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Climate Change Threatens Extinction of 1 out of Every 5 Reptile Species, says IUCN Study

Researchers examined existing surveys and datasets of turtles, crocodiles, lizards, snakes, and tuatara in Africa, the Americas, Asia, Australia, the Caribbean, Europe, and Oceania for the study Tuatara are endemic to New Zealand and are thought to be the last survivors of a reptile order that dates back to the Triassic period, according to the New Zealand Department of Conservation.

Shivam Dwivedi
Reptile Species at the risk of extinction
Reptile Species at the risk of extinction

According to a new study, more than one-fifth of the world's reptile species are threatened with extinction, with those living in forests facing far greater threats than those living in arid areas. Researchers discovered that up to 21.1 percent of all known reptile species were threatened in the most comprehensive extinction-risk assessment ever conducted on reptiles.

"The number of threatened species is simply overwhelming," said study co-author Neil Cox. The findings were published in the journal Nature on April 27.

Research Findings:

There had been no formal attempt prior to this new research to determine how many reptiles were on the verge of extinction. Conservationists instead relied on the IUCN Red List of Threatened Species, which provides information on the risk status of birds, mammals, and amphibians.

Using the Red List criteria, the researchers discovered that 1,829 out of 10,196 reptile species were vulnerable, endangered, or critically endangered, accounting for 21.1 percent of all known species.

They also discovered that 57.9 percent of turtles and 50 percent of crocodiles are threatened; overall, the IUCN considers 40.7 percent of amphibians, 25.4 percent of mammals, and 13.6 percent of birds to be threatened, according to the Red List.

The global study lasted 15 years and involved 961 researchers from 24 countries spread across six continents.

Researchers examined existing surveys and datasets of turtles, crocodiles, lizards, snakes, and tuatara in Africa, the Americas, Asia, Australia, the Caribbean, Europe, and Oceania for the studyTuatara are endemic to New Zealand and are thought to be the last survivors of a reptile order that dates back to the Triassic period, according to the New Zealand Department of Conservation.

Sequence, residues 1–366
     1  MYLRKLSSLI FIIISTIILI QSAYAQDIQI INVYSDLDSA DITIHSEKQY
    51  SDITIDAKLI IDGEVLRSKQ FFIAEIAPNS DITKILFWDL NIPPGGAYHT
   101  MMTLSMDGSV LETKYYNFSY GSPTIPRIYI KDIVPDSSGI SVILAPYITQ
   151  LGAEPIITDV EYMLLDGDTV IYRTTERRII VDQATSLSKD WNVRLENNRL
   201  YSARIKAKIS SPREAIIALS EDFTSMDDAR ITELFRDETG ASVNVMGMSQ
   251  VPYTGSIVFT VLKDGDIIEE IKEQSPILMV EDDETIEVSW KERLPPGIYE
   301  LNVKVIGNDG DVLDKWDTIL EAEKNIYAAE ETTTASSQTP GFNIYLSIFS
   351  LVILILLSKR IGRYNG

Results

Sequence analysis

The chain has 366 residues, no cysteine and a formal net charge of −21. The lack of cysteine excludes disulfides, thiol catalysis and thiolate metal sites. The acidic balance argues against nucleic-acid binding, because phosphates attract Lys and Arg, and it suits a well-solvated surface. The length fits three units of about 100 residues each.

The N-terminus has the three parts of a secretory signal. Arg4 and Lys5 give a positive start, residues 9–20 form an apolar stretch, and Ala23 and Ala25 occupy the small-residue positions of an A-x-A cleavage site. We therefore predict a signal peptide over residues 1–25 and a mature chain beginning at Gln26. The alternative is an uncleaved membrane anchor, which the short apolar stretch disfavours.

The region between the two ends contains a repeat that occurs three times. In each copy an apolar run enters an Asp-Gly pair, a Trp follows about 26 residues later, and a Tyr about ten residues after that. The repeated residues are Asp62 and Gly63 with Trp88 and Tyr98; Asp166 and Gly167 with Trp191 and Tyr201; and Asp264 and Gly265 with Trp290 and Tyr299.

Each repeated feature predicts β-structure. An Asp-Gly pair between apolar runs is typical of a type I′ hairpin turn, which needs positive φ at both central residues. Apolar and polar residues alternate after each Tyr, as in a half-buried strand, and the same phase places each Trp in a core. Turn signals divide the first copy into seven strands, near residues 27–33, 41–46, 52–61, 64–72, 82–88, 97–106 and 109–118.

Agriculture, logging, urban development, and invasive species, according to the authors, are all threatening reptiles around the world. This would explain why the researchers discovered that 30% of reptiles living in forests were at risk of extinction compared to 14% of reptiles living in arid habitats, according to the authors.

The researchers also discovered that threatened reptiles were concentrated in Southeast Asia, West Africa, northern Madagascar, the Northern Andes, and the Caribbean, allowing conservationists to focus their efforts where they are most needed.

The researchers also narrowed down the primary threats to various groups of reptiles. For example, lizards that live on islands are threatened by predators introduced by humans. According to the IUCN, the main threats to turtles and crocodiles are hunting and poaching.

Because of a lack of long-term studies, the authors are unsure how climate change is threatening reptiles. However, they wrote in the paper that climate change is a "looming threat" because it narrows the window when cold-blooded animals can forage, and it can also change the sex ratios of offspring in species where that is determined by temperature.

"Reptiles are not often used to inspire conservation action, but they are fascinating creatures that play essential roles in ecosystems all over the world," said Sean T. O'Brien, President and CEO of NatureServe, which led the study in collaboration with the IUCN and Conservation International. We all benefit from their role in pest control and as prey for birds and other animals.

(Source: Live Science)

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